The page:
Resilience: Lessons from a Period of Disruption (PechaKucha)
Traci Thomas, BCG Platinion

Resilience in Acute Contexts
Tuesday 11 October, 2:00pm – 3:30pm CEST

Curators: Nimmi Rangaswamy, IIIT Hyderabad and Tiffany Tivasuradej, CBRE
How can researchers and ethnographers stay resilient in times of crisis? This session will explore specific contexts of crises and catastrophes, in addition to caregiving moments where resilience is vital. Presentations approach resilience as a theoretical and ethnographically driven analytical process, illustrating in-context perceptions, survival strategies, modes of adaptation, and lessons for renewed resilience practices.

The Giving Caregivers: Resilience as a Double-Edged Sword in the Context of Healthcare (Paper)
Juliana Saldarriaga, A Piece of Pie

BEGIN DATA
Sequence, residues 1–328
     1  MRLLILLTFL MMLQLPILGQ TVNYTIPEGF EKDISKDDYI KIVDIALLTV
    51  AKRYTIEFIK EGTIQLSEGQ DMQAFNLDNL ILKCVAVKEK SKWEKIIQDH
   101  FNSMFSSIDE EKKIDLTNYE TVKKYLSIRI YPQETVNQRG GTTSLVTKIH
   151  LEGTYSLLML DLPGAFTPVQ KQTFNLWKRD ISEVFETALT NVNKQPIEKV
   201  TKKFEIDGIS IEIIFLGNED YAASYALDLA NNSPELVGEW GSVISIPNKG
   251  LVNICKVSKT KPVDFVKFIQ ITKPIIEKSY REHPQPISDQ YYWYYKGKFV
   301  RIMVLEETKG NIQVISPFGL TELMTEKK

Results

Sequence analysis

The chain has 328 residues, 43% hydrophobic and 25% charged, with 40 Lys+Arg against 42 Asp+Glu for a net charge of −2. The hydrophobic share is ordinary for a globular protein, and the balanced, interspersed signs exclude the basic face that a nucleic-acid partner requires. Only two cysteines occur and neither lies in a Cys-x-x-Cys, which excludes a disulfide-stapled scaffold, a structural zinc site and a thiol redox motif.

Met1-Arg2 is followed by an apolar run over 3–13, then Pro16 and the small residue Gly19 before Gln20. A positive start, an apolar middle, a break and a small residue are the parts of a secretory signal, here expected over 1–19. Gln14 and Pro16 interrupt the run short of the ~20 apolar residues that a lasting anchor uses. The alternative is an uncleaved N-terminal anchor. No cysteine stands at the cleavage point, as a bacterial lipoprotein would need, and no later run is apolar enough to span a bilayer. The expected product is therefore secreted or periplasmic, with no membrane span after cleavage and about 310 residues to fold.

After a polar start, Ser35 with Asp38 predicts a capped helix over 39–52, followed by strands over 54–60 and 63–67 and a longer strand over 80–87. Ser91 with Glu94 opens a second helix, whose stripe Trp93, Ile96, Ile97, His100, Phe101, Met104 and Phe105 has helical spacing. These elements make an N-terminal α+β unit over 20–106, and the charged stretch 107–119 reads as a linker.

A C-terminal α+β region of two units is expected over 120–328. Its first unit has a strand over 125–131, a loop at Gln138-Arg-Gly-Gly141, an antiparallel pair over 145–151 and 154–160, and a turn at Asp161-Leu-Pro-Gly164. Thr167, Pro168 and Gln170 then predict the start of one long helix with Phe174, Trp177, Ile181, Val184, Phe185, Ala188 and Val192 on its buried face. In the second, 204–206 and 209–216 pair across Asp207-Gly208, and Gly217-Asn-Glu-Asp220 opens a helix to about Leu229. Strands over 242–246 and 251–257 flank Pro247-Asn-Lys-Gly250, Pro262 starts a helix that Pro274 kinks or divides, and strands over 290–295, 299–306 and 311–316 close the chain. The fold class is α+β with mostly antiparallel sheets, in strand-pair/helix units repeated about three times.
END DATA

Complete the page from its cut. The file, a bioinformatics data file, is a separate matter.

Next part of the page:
Amplifying Resilient Communities: Identifying Resilient Community Practices to Better Inform Health System Design (Paper)
Romit Raj, Quicksand Design Studio
Babitha George, Quicksand Design Studio
Cristin Marona, Matchboxology
Rebecca West, Ipsos
Annabel Gomez, Independent Technical Advisor
Tracy Pilar Johnson, The Bill & Melinda Gates Foundation
Aditya Prakash, Quicksand Design Studio
Sunny Sharma, Ipsos
Ayushi Biyani, Quicksand Design Studio
Mrittika Barua, James P Grant School of Public health, BRAC University
Cal Bruns, Matchboxology

With the Phone in the Field: Making the Ethnographic Toolbox Resilient to Change (PechaKucha)
Signe Helbo Gregers Sørensen, Alexandra Institute

The Myth of The Pipeline Problem: Creating a Diverse and Thriving Team (PechaKucha)
Kristin Zibell, AnswerLab
Shakima Jackson-Martinez, AnswerLab